Tweeting through the Blackout

The power of civilians, then and now


Juliet Gardiner, Social Historian & Author of Wartime:Britain 1939-45

The Second World War put everyone on the front line. The Home Front was the battlefront too and civilians played a vital part in winning the war. Men not eligible for the forces, worked in war industries, joined the Home Guard or Civil Defence services as ARP wardens, ambulance drivers, First Aid Officers, demolition workers, they helped defuse unexploded bombs, fire watched on rooftops and did a myriad other tasks.

Women did many of these jobs too as well as providing mobile canteens, organising war savings, assisting with evacuees, helping those bombed out, injured or bereaved. And children played their part too — collecting salvage, raising money to buy a Spitfire and doing all they could to keep up morale — that essential attribute in war when conditions were hard with food and clothes rationing, shortages, blackout, exhaustion as well as danger and fear.

Communication could be difficult: the plug was pulled on television and regional wireless stations were closed down, but listening to news bulletins became an essential part of most people’s days. Newspapers shrank in size as did magazines and war news was strictly censored, telephone lines were often put out of action in an air raid and boys on bikes took their lives in their hands to convey vital messages.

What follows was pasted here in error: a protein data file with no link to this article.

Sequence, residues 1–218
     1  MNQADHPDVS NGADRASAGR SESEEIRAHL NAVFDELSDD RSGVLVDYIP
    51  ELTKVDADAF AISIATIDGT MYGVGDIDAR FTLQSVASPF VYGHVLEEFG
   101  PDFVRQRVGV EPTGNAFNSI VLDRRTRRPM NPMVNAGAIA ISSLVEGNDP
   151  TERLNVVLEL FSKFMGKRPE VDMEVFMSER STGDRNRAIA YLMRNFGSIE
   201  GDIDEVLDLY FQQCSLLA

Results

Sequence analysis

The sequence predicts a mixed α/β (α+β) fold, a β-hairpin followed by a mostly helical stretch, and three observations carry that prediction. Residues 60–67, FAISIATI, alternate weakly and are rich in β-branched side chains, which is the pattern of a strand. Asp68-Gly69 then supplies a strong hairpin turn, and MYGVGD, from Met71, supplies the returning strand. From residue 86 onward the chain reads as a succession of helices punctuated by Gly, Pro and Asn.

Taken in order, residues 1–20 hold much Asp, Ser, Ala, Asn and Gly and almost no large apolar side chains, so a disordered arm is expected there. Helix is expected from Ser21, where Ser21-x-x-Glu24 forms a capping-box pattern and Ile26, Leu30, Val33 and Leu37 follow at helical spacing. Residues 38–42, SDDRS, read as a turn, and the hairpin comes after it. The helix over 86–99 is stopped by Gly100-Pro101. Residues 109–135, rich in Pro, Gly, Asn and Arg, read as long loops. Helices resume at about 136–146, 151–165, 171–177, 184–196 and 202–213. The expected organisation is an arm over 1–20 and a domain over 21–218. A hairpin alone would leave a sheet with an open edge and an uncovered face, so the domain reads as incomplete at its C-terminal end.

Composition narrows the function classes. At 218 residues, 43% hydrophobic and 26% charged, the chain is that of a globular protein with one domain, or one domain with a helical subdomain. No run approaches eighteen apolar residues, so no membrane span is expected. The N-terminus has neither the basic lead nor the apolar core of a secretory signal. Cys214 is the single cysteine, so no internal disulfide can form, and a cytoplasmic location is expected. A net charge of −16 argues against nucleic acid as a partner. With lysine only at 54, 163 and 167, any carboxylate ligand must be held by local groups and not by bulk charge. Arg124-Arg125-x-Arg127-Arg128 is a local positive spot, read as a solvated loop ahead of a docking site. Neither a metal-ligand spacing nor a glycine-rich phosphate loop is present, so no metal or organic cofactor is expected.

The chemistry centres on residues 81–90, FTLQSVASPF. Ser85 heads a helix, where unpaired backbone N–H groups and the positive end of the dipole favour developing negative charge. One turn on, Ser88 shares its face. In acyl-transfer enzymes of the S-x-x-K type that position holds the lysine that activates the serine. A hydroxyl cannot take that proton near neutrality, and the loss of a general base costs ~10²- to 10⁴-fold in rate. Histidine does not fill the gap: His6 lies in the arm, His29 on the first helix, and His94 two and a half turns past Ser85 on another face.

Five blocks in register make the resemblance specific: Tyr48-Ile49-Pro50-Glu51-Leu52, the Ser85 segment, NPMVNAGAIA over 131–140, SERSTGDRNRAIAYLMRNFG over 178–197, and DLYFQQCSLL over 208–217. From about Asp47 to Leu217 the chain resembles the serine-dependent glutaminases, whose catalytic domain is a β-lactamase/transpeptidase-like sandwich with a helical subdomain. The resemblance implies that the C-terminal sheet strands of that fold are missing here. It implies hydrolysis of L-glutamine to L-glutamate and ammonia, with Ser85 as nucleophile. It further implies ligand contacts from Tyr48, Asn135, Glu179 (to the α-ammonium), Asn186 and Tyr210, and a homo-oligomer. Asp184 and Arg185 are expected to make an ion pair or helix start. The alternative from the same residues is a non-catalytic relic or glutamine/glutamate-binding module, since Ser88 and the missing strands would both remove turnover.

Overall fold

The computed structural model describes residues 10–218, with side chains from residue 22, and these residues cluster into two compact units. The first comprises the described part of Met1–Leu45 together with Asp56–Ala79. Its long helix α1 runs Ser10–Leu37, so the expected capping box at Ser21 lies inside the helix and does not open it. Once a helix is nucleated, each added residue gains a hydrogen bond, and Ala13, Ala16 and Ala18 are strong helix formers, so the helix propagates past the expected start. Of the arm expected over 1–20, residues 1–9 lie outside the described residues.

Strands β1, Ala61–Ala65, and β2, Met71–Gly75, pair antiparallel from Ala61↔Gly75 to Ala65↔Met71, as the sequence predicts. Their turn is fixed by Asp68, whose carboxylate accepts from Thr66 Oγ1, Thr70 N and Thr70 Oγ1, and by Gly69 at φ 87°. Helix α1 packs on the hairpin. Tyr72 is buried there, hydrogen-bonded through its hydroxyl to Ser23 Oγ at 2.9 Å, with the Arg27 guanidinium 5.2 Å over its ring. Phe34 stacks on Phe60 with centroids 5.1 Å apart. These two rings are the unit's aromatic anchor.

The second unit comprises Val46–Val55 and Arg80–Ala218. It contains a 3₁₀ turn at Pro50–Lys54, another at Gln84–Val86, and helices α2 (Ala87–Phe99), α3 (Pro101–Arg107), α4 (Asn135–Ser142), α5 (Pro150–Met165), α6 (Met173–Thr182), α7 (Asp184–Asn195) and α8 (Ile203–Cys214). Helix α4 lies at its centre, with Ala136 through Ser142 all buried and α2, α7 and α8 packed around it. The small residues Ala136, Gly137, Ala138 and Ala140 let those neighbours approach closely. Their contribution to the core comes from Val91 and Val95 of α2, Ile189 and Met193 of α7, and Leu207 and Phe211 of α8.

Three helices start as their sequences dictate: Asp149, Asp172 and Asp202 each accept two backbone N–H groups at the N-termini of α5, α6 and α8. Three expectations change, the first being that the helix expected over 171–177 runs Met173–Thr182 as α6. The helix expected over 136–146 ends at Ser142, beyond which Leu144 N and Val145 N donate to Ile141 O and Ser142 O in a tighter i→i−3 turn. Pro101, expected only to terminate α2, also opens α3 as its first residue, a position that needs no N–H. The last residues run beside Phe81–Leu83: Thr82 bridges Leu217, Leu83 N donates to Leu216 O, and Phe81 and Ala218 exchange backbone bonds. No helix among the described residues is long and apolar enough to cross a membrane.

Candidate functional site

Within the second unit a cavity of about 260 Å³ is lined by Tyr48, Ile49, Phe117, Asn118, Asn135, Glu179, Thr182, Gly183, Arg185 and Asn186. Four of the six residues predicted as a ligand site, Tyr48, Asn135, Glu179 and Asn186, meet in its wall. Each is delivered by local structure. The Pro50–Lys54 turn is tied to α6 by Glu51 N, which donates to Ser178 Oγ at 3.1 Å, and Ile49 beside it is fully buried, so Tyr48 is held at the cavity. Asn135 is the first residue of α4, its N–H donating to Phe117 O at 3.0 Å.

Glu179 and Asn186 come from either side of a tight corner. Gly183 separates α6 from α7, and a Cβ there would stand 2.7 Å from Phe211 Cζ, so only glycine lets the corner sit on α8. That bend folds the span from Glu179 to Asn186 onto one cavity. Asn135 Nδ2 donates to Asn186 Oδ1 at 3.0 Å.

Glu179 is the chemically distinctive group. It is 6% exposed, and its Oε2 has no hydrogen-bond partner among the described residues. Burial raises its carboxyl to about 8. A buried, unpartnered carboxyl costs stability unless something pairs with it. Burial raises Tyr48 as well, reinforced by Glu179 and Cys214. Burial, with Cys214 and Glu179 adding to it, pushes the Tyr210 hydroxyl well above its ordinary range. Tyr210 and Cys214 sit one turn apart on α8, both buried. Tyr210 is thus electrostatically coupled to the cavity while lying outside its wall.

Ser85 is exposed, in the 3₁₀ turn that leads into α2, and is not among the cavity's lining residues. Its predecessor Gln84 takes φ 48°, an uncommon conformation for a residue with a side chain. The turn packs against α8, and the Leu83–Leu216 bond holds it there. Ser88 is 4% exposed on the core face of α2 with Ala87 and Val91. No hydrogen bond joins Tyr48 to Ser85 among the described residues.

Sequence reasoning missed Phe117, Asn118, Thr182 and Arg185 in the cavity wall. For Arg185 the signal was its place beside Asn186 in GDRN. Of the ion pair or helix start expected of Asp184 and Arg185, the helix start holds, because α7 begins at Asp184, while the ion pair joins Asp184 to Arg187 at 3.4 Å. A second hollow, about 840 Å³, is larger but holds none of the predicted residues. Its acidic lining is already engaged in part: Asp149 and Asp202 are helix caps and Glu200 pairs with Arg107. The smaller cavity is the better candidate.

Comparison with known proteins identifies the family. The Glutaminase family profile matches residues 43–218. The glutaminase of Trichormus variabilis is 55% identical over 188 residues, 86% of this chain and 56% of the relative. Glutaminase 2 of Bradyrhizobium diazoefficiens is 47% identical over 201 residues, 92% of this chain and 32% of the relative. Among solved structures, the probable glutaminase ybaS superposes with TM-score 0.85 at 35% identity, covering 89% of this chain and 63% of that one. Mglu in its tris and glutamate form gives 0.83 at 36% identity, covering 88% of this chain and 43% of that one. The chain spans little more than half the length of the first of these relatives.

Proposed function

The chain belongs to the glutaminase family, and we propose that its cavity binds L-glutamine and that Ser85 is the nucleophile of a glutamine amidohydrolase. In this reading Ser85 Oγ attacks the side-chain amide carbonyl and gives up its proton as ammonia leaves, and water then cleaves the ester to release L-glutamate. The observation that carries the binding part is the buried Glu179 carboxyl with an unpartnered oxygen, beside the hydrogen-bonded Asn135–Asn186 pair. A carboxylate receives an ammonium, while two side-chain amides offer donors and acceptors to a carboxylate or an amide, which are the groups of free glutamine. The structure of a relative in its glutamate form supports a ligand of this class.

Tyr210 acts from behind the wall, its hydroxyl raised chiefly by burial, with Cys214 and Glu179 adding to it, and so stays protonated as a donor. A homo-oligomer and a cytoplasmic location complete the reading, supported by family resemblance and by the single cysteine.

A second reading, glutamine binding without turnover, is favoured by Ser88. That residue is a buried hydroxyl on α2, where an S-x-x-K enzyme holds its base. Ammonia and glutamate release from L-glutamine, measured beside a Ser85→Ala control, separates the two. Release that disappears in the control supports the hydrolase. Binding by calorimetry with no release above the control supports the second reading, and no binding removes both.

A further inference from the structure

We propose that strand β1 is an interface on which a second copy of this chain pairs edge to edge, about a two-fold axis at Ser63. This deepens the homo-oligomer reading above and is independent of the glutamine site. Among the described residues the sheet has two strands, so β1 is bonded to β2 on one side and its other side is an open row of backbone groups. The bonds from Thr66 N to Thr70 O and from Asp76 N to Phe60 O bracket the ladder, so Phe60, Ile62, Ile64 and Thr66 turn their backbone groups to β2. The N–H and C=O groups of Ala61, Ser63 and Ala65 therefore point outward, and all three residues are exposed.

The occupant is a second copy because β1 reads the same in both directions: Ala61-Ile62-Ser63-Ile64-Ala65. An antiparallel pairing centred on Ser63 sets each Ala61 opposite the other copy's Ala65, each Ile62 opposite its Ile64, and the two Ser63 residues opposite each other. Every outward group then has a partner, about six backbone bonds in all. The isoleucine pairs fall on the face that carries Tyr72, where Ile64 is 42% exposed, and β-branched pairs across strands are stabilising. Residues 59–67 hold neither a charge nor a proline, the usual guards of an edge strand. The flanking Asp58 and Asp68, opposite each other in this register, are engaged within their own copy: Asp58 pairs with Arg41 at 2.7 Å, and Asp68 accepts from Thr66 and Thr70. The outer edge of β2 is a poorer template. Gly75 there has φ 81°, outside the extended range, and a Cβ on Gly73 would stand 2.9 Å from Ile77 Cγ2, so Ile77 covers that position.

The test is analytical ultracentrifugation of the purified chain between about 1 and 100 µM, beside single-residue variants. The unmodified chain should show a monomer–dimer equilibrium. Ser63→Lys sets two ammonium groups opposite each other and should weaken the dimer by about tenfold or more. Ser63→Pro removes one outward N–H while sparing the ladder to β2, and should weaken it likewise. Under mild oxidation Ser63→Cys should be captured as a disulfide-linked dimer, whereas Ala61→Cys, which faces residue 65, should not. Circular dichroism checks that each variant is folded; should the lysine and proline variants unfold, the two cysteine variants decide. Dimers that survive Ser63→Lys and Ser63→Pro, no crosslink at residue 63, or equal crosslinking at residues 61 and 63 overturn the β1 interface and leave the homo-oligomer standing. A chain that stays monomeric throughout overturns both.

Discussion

Dr Neville Bolt, Department of War Studies, King’s College London

Ours are the most unpredictable yet exciting times in communications history since Gutenberg introduced the printing press some 600 years ago. We are living through a revolutionary cross-over between old and new technologies. Today young people are at the forefront driving change. Familiar ways of informing populations — press, radio, television — are now joined by mobile telephones, social media, and the internet. The effect is a media ecology where power has shifted significantly to ordinary citizens from those who historically monopolised media ownership, namely governments, corporations, entrepreneurs.

With access to a mobile phone or web connection they can link instantly to global networks of individuals and communities, bringing the turbulence of civil unrest and horrors of the battlefield into the home or classroom. By circulating messages and pictures virally, users may engage millions of like–minded thinkers. Their ideas ricochet at lightning speed between old and digital media, all of which feed off each other, inter-connected in global feedback loops. Led by the young, populations are using these technologies to change their societies, circumventing while challenging their own and foreign governments. Events in the Arab Spring 2011 bear testament to the revolutionary influence now held in the palm of a single person.